As another poster has mentioned on another thread, the Chinese govt. for example is applying much stricter regulations on who they allow in. Many of the old tricks of the trade are now scrutinised much more closely; e.g. you have to have a degree in the subject you are teaching not any old degree, if you are teaching in an English medium school you have to be a native speaker not just fluent in that language, and the two year rule on experience is also applied.

    Having said that, these rules are often differently applied in different regions and cities. Many people also don't realise that so-called 'international schools' can often have their own 'charter' i.e. its own set of rules for what it can or can't do.

    The op needs to realise that in this growing market (lots of new schools) many of the old guidelines don't apply but in the better schools they often do!!
  8. MFL_teacher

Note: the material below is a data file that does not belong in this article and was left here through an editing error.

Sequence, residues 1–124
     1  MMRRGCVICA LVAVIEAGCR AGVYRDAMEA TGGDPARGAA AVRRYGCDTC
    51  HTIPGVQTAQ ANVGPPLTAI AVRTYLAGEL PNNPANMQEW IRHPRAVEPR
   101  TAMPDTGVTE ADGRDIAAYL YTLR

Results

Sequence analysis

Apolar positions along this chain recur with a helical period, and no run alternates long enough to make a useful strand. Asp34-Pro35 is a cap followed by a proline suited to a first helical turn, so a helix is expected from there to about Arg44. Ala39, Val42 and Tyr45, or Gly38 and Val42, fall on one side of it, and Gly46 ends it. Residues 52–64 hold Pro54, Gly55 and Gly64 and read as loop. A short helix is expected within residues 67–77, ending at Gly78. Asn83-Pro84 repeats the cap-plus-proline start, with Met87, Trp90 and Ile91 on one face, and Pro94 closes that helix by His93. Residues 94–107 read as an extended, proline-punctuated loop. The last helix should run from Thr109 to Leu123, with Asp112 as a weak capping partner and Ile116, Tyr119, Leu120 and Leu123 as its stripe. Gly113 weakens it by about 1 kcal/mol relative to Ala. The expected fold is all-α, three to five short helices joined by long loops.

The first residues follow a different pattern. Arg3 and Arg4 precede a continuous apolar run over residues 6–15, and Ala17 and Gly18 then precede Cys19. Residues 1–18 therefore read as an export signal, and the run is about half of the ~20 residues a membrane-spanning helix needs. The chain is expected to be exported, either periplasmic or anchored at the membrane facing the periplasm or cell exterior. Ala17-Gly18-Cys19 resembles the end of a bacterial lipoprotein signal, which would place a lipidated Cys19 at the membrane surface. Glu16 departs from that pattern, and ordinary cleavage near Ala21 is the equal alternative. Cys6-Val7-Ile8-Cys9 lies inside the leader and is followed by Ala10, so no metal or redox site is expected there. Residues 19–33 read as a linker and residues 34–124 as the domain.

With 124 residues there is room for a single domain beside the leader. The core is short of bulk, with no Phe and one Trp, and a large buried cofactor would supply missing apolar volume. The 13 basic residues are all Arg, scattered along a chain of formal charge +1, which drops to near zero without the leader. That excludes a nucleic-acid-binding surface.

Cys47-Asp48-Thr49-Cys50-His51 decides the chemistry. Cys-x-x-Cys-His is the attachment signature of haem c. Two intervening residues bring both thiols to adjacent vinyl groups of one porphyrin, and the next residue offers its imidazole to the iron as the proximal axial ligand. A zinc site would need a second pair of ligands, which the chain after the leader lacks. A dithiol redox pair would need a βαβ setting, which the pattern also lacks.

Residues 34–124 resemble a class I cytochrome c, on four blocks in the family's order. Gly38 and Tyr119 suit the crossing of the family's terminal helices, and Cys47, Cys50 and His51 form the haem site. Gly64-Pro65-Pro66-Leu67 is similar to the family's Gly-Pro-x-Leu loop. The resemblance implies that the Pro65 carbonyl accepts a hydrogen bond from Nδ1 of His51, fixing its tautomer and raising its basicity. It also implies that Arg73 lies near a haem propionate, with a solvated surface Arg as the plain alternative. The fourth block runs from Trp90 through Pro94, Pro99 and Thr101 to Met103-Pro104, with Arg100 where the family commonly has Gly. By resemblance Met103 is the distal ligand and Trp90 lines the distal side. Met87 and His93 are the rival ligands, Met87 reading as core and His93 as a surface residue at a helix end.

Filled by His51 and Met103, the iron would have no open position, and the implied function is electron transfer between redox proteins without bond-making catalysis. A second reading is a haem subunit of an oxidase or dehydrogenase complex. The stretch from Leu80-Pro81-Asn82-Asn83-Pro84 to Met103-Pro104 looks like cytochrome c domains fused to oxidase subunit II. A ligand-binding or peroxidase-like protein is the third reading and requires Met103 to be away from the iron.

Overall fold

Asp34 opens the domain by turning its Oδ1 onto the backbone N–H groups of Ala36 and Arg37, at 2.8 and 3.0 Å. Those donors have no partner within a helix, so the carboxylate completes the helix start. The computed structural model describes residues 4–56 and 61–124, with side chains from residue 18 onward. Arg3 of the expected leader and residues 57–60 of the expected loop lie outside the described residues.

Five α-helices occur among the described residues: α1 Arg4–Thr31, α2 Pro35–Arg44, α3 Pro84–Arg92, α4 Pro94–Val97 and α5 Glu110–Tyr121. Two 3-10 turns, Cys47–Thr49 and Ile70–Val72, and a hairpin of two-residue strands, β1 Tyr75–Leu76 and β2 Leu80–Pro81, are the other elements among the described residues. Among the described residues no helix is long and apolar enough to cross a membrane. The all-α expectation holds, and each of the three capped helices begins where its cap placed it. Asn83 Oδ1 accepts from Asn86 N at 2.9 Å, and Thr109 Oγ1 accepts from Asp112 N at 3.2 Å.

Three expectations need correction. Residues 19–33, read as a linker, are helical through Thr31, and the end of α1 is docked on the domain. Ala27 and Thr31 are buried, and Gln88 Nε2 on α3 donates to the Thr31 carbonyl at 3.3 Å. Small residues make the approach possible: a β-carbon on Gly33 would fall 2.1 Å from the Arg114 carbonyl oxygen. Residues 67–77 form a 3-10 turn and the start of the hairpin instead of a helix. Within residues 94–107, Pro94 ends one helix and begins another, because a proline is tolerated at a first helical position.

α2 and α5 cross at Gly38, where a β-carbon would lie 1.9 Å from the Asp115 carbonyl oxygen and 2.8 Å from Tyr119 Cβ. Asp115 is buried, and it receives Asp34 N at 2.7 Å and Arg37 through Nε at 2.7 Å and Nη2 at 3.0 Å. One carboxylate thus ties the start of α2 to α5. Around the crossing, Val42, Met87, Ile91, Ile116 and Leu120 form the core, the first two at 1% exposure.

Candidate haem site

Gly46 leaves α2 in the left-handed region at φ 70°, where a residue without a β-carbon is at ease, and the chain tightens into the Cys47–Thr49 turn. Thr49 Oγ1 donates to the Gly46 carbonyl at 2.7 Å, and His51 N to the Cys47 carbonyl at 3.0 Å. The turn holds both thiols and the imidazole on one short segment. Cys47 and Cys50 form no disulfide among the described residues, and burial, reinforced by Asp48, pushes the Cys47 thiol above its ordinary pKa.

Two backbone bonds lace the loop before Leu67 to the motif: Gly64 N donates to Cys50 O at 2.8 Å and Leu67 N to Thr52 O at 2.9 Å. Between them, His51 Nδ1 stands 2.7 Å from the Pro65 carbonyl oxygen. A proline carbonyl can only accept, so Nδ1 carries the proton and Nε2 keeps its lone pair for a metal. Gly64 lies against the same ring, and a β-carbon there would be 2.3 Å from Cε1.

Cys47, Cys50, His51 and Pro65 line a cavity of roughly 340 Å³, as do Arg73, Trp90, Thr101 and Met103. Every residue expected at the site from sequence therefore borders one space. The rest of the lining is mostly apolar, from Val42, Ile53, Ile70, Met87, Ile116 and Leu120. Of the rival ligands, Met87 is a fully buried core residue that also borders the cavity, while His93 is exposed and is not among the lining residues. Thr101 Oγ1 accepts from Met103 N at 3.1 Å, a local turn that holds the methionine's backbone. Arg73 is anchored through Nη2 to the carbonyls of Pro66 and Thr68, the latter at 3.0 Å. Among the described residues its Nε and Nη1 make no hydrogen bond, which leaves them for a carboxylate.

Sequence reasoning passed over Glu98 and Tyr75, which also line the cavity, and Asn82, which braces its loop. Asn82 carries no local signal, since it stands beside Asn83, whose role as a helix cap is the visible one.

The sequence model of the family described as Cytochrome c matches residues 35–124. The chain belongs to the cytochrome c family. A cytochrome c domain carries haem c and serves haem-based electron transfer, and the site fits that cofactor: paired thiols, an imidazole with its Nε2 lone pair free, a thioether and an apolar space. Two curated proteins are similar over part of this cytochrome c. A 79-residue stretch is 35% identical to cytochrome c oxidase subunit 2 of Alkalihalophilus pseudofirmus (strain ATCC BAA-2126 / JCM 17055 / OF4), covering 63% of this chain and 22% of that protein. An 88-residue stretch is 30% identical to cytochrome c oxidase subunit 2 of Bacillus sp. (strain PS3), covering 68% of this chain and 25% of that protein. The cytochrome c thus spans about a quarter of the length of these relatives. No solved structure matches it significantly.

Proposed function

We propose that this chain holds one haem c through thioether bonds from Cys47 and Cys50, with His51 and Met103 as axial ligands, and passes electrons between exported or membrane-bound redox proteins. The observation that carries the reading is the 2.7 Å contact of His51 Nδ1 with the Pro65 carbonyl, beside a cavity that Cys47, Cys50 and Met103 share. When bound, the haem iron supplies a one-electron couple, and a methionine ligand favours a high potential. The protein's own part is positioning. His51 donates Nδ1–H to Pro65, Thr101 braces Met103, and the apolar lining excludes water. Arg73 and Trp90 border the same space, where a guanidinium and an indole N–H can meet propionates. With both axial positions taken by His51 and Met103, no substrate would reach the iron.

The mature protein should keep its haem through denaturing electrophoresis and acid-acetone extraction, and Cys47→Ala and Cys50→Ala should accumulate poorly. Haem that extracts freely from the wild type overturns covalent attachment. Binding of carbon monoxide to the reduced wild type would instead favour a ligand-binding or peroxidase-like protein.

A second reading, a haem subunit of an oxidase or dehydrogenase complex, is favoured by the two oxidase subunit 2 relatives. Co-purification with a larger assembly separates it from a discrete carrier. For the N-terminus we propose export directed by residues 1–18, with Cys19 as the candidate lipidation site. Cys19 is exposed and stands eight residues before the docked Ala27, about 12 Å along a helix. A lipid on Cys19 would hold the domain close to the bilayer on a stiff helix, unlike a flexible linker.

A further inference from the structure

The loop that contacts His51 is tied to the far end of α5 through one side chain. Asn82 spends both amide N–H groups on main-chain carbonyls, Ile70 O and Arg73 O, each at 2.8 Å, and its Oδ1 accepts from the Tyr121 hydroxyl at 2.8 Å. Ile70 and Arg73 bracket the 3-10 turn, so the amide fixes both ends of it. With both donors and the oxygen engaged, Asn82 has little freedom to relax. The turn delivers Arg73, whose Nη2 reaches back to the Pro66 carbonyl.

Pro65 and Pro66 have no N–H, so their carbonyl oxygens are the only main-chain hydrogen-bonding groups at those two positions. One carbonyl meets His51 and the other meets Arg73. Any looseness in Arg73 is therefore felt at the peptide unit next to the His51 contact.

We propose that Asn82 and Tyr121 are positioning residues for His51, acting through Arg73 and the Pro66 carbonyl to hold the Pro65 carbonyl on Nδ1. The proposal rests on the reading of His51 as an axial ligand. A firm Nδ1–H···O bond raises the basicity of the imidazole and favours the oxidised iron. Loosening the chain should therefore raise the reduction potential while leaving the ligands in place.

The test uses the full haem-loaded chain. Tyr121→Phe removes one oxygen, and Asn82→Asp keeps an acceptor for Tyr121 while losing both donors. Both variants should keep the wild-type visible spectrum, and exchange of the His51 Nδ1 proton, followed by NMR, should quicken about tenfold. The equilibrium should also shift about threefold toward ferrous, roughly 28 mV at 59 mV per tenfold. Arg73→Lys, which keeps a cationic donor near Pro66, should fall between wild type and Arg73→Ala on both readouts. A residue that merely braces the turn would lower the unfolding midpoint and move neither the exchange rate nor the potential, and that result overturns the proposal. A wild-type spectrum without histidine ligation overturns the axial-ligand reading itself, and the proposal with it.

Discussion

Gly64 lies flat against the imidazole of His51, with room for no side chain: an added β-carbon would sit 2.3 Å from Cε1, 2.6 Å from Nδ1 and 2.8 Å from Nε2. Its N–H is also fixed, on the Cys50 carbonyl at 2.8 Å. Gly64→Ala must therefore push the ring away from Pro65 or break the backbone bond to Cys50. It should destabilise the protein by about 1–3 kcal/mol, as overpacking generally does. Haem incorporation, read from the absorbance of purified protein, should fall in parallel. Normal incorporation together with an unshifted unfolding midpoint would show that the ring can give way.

MFL_teacher New commenter

    Many thanks mike for your input. So if I understand properly the 2 years rule is more of a 3 years rule then for the better schools? As it seems wiser to apply at the beginning of your 3rd year of employment and not the 2nd?

    Thank you as well david, I should have mentionned that I am actually originally from a European country, so I have prior experience in terms of coping in a new culture as I have lived in the UK for 3 years now. I am ready to do it again in another country and to discover a new culture.
  9. dumbbells66

    dumbbells66 Lead commenter

    i would say get out there and start applying. it can take a long time to get something, and others have suggested, there is no really hard or fast rule over this. start applying now, what do you have to lose?

    and good luck.

Share This Page